Cape Town’s Peers Cave boasts the only rock art still visible on the Table Mountain chain.
About 35 minutes’ drive from the city centre, down toward Cape Town’s South Peninsula, a little-known artistic gem awaits intrepid travellers. Peers Cave not only has the most southerly cave painting in Africa, but likely also the oldest – anywhere from 12 000 years to 200 000 years old!
As you drive toward the Fish Hoek valley over Ou Kaapse Weg in the South Peninsula of Cape Town, look out for parking on your left near the bottom of the pass, with a sign that says Peers Cave. A 20-minute hike, with beautiful views of the valley and the Atlantic Ocean, will take you to a large overhang. High up on the walls of this cave can be seen ochre-pigment paintings of an abstract nature, including groups of dots, images that resemble handprints, and an arrow that points to where the sun sets on the horizon.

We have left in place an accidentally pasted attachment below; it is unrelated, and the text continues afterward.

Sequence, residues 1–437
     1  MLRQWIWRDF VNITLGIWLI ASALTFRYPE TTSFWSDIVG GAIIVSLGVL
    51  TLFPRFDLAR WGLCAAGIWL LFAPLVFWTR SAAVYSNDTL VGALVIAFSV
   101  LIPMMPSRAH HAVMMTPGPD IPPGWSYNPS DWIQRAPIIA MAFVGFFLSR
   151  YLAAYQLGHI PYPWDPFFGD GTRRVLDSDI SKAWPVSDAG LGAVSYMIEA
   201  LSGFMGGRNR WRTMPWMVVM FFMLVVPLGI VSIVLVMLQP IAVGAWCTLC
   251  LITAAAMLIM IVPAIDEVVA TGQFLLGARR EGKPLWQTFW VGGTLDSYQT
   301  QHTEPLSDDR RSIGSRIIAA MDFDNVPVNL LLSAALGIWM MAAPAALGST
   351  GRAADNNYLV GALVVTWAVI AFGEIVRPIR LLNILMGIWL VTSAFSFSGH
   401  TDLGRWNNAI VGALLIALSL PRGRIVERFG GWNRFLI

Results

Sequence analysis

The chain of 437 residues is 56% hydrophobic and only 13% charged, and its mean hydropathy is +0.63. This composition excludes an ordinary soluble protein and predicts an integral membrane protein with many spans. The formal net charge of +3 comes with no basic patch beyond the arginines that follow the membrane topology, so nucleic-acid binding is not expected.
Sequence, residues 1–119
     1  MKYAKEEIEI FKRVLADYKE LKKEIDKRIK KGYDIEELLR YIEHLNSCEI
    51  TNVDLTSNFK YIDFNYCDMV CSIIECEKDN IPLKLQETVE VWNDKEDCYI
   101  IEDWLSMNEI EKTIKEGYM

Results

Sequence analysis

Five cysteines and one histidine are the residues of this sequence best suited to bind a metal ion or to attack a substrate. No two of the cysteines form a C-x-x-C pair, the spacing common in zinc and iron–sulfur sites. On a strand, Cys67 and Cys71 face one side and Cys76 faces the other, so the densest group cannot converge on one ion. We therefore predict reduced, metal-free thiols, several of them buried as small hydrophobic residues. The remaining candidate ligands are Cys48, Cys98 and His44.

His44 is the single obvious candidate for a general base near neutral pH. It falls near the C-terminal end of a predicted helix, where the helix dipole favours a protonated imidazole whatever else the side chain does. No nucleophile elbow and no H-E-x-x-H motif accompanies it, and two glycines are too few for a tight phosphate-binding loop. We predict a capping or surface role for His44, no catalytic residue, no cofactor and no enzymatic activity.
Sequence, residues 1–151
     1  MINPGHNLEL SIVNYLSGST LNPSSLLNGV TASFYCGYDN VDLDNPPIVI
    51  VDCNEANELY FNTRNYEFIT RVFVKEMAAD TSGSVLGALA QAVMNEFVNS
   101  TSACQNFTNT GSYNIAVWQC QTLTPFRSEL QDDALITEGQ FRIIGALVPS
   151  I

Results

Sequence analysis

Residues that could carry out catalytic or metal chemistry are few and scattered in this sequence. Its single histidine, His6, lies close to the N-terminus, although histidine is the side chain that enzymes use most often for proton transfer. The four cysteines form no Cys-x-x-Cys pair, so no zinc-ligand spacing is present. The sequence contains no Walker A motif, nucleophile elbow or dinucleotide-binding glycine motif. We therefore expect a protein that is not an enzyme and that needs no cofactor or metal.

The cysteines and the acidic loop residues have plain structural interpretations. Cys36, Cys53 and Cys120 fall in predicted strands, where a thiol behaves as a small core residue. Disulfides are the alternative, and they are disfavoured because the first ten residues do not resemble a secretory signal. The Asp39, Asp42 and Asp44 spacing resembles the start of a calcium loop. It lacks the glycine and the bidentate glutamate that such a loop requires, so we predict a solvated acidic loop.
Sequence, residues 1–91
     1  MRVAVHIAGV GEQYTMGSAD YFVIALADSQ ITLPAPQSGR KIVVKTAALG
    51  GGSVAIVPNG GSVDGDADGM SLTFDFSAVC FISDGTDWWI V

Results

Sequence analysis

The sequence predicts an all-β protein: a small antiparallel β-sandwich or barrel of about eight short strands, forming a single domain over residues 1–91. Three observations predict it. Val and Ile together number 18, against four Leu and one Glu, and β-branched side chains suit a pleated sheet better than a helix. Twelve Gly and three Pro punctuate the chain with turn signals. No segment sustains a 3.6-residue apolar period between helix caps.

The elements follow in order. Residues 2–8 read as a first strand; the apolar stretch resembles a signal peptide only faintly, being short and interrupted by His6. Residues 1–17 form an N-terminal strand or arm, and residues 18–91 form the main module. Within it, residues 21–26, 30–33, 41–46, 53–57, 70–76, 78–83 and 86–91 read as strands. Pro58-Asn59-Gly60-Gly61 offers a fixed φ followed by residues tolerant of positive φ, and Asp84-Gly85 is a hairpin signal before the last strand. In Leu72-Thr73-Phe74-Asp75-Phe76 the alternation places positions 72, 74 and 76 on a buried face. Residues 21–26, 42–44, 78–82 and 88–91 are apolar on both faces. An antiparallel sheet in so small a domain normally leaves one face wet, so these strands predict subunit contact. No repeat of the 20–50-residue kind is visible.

In 1927, an archaeologist called Victor Peers excavated stone tools here, and the remains of nine people. These ancient skeletons are believed to have been around for the last 120 000 years, and are now referred to collectively as “Fish Hoek Man”.
While it seems impossible to give an accurate dating on the cave paintings, the valley below is believed to have been inhabited since the Early Stone Age some 400 000 years ago.